Trip Reports: Grand Gulch Loop Hike, Utah - October 2009

Over three days and two nights this October I went on a ~25 mile loop hike from Cedar Mesa in southeastern Utah. I hiked down Todie Canyon, to Grand Gulch, then out Bullet Canyon. Most of the way the hike passes through dramatic canyon scenery with vertical cliffs and dramatic rock formations. But the highlights were without doubt the numerous ancient ruins and pictographs along the way.

The Thumb, Grand Gulch, Utah, canyon, Bears Ears National Monument, photo

The Thumb

This scene about halfway through my journey in Grand Gulch is typical of the terrain and scenery during the trip: steep canyon walls and interesting rock formations, with cottonwoods, sage, and other brambly bushes in the flat canyon floor in between. 

Pictographs, Grand Gulch, Utah, Bears Ears National Monument, photo

Sheiks Pictographs

Pictographs on the canyon wall. Keep in mind that these are basically in the middle of nowhere, in the desert wilderness, so it’s really something to see this here and to imagine people living in this area. Don’t quote me on the specifics, but the various pictographs in this long inhabited location near a reliable spring range in age from 2000-600 years old.

Pictographs, Grand Gulch, Utah, Bears Ears National Monument, photo

Sheiks Pictographs 2

Some of the imagery on these pictographs has faded away with time; supposedly the human figures used to have heads with elaborate headdresses.

Sheiks Canyon, Grand Gulch, Utah, stars, Bears Ears National Monument, photo

Sheiks Stars

Stars above a high canyon wall over my campsite. I took this 60-second exposure while laying comfortably in my sleeping bag.

Grand Gulch, Utah, ruin, cottonwoods, canyon, Bears Ears National Monument, photo

Hidden Ruin

A hidden ruin overlooks colorful autumn cottonwoods on the canyon floor. I saw at least a dozen ruin sites during my hike, and who knows how many more I missed along the way. Many of the ruins are perched high up on inaccessible canyon walls; others like this one are more easily accessed with a bit of slickrock scrambling.

Kiva, Perfect Kiva, Grand Gulch, Utah, ruin, Bears Ears National Monument, photo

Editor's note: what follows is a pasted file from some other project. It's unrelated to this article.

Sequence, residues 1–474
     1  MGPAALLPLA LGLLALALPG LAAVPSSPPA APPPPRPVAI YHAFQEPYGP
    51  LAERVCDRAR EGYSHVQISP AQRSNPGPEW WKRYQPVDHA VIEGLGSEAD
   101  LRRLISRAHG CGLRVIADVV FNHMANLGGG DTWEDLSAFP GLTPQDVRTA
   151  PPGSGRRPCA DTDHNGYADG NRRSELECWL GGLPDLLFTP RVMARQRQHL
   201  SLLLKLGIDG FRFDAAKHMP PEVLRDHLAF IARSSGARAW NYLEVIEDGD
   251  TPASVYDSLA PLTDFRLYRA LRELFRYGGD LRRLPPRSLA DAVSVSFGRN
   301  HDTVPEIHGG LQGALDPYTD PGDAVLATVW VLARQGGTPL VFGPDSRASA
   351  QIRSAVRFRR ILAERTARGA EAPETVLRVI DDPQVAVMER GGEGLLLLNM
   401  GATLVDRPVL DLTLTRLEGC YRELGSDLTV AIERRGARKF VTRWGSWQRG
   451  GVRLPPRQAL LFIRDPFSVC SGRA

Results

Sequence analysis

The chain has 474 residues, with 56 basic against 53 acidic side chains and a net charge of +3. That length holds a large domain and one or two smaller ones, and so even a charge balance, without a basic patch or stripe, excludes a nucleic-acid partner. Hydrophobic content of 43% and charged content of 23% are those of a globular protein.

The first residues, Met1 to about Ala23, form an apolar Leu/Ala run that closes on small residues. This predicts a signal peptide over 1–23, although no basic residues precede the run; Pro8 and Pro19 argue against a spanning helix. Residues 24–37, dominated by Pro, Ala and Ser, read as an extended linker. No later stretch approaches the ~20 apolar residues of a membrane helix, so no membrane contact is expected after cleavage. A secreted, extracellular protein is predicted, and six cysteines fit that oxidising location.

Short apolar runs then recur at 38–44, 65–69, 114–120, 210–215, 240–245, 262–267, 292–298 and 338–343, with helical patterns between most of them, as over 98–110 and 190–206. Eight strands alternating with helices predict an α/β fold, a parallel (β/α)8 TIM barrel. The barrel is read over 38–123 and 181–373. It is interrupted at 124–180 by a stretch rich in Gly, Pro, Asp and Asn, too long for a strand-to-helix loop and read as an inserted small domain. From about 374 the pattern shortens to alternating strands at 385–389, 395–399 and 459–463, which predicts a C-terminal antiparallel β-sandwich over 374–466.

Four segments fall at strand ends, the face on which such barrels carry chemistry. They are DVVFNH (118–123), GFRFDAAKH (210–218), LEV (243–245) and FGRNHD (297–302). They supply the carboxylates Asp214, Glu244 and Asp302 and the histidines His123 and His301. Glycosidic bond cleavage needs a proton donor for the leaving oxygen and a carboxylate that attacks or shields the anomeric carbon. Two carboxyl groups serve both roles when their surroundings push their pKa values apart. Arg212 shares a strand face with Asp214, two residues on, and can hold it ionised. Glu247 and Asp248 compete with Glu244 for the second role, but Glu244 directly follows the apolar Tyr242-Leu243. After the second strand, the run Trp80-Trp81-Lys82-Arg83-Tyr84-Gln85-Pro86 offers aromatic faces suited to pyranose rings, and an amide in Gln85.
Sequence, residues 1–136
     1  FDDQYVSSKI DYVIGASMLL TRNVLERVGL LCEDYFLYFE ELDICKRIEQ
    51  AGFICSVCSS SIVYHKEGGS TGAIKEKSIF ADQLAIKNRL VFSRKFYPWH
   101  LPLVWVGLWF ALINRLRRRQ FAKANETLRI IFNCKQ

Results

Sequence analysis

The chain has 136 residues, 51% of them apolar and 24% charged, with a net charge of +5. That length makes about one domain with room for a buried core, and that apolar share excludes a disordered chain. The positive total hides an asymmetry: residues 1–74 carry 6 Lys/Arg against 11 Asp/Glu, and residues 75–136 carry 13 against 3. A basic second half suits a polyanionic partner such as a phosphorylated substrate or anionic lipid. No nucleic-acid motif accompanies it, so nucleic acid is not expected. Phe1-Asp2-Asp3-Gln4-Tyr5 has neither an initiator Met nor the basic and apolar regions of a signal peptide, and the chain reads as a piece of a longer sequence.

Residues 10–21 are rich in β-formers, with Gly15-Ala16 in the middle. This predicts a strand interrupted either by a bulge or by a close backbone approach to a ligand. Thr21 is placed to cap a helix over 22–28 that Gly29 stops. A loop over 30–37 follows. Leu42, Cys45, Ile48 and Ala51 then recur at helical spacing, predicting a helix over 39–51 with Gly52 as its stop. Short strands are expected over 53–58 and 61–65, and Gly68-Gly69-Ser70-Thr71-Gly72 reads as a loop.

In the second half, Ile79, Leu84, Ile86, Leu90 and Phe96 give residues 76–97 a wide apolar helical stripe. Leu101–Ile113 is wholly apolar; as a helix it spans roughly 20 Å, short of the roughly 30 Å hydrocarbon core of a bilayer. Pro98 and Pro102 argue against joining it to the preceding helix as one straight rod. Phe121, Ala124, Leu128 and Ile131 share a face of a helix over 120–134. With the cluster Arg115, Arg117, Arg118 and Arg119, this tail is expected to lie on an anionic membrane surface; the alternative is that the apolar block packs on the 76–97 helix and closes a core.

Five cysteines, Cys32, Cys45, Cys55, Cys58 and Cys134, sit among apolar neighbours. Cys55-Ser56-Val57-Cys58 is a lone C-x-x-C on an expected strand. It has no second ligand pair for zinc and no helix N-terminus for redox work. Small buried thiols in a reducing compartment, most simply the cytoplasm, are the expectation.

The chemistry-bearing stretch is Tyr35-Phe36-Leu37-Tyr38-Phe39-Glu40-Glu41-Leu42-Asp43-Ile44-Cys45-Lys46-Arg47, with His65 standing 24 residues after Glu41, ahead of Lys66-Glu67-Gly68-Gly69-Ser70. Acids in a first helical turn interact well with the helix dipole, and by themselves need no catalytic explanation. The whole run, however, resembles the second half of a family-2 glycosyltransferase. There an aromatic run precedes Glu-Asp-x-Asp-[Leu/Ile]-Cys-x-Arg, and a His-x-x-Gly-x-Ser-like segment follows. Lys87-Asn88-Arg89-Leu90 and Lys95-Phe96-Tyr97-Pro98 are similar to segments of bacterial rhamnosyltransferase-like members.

This was my favorite ruin site I saw during my trip in Grand Gulch - a perfectly preserved kiva set in an overhanging cliff amphitheater. I’d imagine that the overhanging cliff site not only provided safety from attacks from above, but also provided natural shelter from the sun, and occasional rain.

Kiva, interior, Grand Gulch, Utah, Bears Ears National Monument, photo

Supposedly this kiva was discovered intact in the 1890s, but by the 1970s the roof was starting to collapse. Restoration efforts were undertaken to reinforce the roof so now you can go down inside. It felt calm, cool, and comfortable in there, and interestingly it smelled really good too!

Grand Gulch, kiva, Utah, moonlight, Bears Ears National Monument, photo

Kiva Dusk

Moonlight illuminates this ancient kiva near Grand Gulch.

Grand Gulch, kiva, Utah, night, Bears Ears National Monument, photo

Night Kiva

It’s strange enough just being in the desert canyon wilderness to begin with, but when I was at these kiva ruins this evening I could feel the mysterious caveman essence of it all. I tried some interesting lighting effects to try to portray the scene as it may have looked if people still inhabited the site.

I got the foreground glow by shining my headlamp on the cliff wall behind me – during the 60 second exposure the indirect light provided nice bounce light to softly illuminate the scene. I combined that exposure with another one where I climbed down the ladder and shined the lamp around the interior of the kiva to provide that glow, as if people were inside.